The clock is ticking and you still haven't decided what to get that special someone in your life for the holidays. When it comes to those last-minute gift-buying decisions for family and close friends, intuition may be the best way to think your way through to that perfect gift.
When faced with tough decisions, some people like to "trust their gut" and go with their intuition. Others prefer to take an analytical approach.
Boston College Professor Michael G. Pratt, an expert in organizational psychology, says new research shows intuition can help people make fast and effective decisions, particularly in areas where they have expertise in the subject at hand.
When it comes to holiday shopping, it might help to draw on the expertise you've accumulated about your family, and friends.
"We often ask ourselves, 'What does that special someone want for Christmas?' Maybe the better question to ask is 'What do I know about this person?" said Pratt, a professor in the Carroll School of Management. "The chances are you know a lot. You know a lot about your parents and your children, and your close friends. What we've found is that kind of deep expertise helps to support decisions we make when we trust our gut."
In recent experiments, Pratt and his fellow researchers examined how well-served we are when we make decisions intuitively or through a more analytical approach, said Pratt, who recently co-authored a new report about intuitive decision-making in the Journal of Organizational Behavior and Human Decision Processes.
The researchers said the knock on intuition stems from earlier studies that examined intuition in the context of very structured, multi-step decisions in areas such as math or logic. Analytic decisions are great for breaking things down into smaller parts, which is necessary for a math problem. But intuition is about looking at patterns and wholes, which is needed when making quick decisions about whether something is real or fake, ugly or pretty, right or wrong.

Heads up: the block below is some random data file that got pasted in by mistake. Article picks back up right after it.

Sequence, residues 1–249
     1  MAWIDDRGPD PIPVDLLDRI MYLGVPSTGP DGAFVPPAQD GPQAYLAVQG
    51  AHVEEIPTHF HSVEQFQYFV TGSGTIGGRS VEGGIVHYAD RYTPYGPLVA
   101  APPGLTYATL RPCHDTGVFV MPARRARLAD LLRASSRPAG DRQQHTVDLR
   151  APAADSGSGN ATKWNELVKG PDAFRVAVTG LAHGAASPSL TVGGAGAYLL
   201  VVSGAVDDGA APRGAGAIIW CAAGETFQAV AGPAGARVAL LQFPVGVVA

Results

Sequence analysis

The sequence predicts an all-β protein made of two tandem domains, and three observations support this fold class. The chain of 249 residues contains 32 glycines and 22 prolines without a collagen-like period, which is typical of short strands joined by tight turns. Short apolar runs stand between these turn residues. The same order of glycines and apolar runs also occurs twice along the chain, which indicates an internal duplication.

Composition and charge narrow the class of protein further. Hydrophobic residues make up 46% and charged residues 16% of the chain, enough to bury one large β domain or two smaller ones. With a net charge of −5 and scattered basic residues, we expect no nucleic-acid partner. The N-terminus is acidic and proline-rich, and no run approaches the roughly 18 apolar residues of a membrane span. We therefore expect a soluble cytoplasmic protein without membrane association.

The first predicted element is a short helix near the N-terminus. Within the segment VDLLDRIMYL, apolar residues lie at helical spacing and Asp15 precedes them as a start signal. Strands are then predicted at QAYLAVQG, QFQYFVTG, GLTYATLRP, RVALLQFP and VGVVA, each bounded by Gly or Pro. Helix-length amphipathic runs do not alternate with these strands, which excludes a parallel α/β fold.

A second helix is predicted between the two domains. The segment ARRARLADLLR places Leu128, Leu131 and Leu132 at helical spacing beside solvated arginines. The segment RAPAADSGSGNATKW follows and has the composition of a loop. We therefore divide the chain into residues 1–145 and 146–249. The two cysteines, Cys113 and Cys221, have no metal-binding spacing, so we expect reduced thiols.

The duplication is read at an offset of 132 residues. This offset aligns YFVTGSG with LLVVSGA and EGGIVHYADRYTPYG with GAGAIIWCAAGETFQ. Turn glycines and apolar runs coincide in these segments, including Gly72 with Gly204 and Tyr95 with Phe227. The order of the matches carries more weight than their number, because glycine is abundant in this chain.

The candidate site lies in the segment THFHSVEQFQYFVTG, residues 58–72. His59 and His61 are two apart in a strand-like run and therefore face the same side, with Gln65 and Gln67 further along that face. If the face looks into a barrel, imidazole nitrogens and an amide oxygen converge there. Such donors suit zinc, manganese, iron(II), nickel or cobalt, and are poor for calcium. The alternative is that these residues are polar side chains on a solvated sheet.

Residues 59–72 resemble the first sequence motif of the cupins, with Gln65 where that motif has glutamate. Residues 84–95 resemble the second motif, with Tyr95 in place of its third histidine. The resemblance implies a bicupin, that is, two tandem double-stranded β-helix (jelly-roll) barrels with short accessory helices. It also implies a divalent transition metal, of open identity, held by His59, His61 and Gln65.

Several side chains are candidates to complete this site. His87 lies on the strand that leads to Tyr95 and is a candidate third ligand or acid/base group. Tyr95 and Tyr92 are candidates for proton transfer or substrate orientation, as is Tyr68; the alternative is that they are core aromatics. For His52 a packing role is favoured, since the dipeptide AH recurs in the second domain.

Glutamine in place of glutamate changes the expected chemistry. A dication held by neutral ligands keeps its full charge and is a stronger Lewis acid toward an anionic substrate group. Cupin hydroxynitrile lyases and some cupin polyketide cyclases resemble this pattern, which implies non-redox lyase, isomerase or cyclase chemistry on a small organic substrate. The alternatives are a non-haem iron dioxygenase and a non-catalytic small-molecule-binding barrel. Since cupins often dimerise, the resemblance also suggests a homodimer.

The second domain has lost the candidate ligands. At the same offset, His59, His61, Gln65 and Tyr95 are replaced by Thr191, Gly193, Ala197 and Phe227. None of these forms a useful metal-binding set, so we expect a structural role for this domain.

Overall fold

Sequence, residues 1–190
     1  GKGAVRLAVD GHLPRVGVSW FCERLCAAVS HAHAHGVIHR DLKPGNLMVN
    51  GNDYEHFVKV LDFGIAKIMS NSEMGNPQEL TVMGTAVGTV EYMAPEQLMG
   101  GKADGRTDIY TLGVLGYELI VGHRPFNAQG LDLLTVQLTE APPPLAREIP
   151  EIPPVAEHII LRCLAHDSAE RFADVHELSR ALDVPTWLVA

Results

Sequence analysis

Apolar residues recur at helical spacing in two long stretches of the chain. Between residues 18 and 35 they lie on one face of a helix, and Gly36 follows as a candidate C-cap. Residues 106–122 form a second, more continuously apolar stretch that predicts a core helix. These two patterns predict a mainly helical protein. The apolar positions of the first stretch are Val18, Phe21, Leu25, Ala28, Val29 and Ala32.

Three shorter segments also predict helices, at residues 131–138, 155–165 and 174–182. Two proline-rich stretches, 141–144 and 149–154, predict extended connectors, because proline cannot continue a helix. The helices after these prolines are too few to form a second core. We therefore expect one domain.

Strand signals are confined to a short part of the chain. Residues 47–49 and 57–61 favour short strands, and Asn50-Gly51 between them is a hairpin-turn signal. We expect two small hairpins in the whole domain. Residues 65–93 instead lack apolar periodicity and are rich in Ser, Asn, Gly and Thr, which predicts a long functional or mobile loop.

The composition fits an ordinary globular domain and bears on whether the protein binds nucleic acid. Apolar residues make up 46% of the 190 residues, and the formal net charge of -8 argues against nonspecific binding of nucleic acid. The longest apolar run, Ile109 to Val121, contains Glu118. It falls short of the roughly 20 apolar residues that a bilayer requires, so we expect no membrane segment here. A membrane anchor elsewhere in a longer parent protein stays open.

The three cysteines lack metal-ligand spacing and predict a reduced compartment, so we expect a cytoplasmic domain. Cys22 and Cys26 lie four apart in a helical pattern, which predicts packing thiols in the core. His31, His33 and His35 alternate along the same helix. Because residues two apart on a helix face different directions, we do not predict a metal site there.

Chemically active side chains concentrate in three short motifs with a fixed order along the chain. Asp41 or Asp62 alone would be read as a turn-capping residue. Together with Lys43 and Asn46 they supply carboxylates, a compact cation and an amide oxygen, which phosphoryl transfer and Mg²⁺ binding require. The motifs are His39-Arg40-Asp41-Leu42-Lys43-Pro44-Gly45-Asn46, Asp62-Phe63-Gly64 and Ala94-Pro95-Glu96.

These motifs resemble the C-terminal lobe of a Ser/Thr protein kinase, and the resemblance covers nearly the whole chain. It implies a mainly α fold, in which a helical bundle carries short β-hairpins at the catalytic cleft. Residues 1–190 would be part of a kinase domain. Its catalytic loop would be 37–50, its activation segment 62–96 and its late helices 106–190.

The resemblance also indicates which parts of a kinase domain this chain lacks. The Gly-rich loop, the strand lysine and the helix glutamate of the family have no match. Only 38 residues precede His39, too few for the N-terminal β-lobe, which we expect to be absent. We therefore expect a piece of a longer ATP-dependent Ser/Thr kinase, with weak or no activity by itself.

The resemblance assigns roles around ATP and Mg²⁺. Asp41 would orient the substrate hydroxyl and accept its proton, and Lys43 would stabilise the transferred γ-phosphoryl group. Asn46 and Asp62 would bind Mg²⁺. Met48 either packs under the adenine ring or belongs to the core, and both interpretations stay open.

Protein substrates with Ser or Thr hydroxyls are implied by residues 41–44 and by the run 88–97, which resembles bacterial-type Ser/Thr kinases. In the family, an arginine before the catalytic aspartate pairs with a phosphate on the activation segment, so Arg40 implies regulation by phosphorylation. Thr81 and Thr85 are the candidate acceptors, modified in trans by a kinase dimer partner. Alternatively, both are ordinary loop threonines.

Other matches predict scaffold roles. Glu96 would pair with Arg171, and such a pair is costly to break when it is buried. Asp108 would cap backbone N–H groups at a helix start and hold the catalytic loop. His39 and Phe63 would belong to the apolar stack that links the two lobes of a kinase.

"Similarly, for gift buying, there is not 'one right answer' as with a math problem," says Pratt, "It is a judgment call."
Pratt, along with researchers Erik Dane, of Rice University and Kevin W. Rockmann, of George Mason University conducted two experiments to test both methods as a means of making a basic decision, or one that doesn't break down into a subset of smaller tasks. In each experiment, one set of respondents was asked to think intuitively in a short amount of time. A second set was asked to take more time and use an analytical approach.
For example, in one experiment, men and women were asked to decide whether a designer handbag was "real" or "fake". Among subjects who had owned several brand-name satchels, intuitive respondents were able to make quick and effective judgments about the items.
"If you're looking at those shiny new winter shovels for your spouse, ask yourself, 'Is this right or wrong?' and trust your gut. You'll be well served by your intuition," said Pratt. "It's likely that your spouse doesn't want a shovel and you don't want to be the one who gives that gift."
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The study, "When Should I Trust My Gut? Linking Domain Expertise to Intuitive Decision-making Effectiveness," is available online at www.sciencedirect.com/science/article/pii/S0749597812000994